LinkedIn has been on a ‘cleaning spree’ and that too, for a good reason

Recently, LinkedIn released its Transparency Report and has claimed that its automated defenses encountered a huge number of fake accounts in 2019, out of which, 93% have been blocked.

As per this report, there were a lot of fake account registration attempts that were made all through last year, especially in the first six months of 2019.

Through the proactive tools of LinkedIn, 7.8 million fake accounts were stopped from being created in the last 6 months of 2019, and LinkedIn’s safety teams managed to catch 3.4 million fake accounts. They also managed to restrict 85,600 accounts that were reported by the members.

During this period, the usage of this professional network saw a definite surge.

Because of this increased usage, it was expected to encounter a lot of spam and scam attacks too. But LinkedIn takes pride in its advanced technology and tools through which all of these scamming and spamming attempts were stopped, and these accounts were brought down before they caused any harm to the community and members.

With such things on a roll, another thing that happened was the rise in harmful content.

LinkedIn managed to bring down 500 cases of content containing hateful and derogatory posts or comments, 15,635 cases of harassment, 9337 cases of content containing adult themes, 1839 cases of violent and graphic content, and worst of all, 167 cases of content promoting child abuse and child exploitation.

While LinkedIn’s own tools are pretty amazing, members also played a key role in cleaning the filth and junk from the platform.

The members of the community placed 11564 requests to take down content due to copyright infringements in a total of 290170 pieces of content. LinkedIn followed these requests and after reviewing, pulled down 290145 of those reported contents!

All these efforts are great steps to build a safe and secure environment on the platform. Cybercrime and harassment attempts are a part of social media, and no one is completely safe from them. But it is good to know that these social media platforms are at least trying to control these things as much as possible.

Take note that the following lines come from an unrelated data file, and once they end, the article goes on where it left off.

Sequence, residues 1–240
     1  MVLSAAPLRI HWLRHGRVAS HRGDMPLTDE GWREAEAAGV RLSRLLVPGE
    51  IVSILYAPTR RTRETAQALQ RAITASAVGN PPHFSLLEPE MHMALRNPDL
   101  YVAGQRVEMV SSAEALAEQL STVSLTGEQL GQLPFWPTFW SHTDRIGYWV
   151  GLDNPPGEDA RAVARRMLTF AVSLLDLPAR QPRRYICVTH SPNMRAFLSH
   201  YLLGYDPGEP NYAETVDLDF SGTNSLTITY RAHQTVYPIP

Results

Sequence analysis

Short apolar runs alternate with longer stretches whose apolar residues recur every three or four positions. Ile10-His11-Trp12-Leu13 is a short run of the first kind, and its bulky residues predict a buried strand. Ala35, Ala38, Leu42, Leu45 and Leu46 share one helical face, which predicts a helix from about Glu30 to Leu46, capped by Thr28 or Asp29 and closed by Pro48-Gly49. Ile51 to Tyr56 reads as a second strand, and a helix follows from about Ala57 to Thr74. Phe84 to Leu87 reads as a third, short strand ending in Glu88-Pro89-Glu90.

In this report, there are a lot more details about LinkedIn’s proactive role and an efficient system to get rid of all the junk from its platform. It also discusses that new tools and features are in the process of rolling out to let the members enjoy a great and improved user experience.

LinkedIn also acknowledged the role of members who reported unwanted content and mentioned that they hope to continue getting positive feedback and reinforcement through the members in the future also.

Apparently, LinkedIn is not the only platform that took some action against harmful content.

Recently, YouTube also announced several improved policies to limit harassment and cybercrime as much as possible. They have even come up with features through which creators can limit the reach of their videos to minimalize the chances of harassment, along with a reviewing panel for creators that can judge their video before it gets uploaded on the channel.

Creators on YouTube will also be able to manually review all comments under their video and choose to remove any comment that comes in the abusive or harassing category.

So, it is relieving to know that tech giants like LinkedIn and YouTube are trying to provide a healthy and safe environment for their millions of users.

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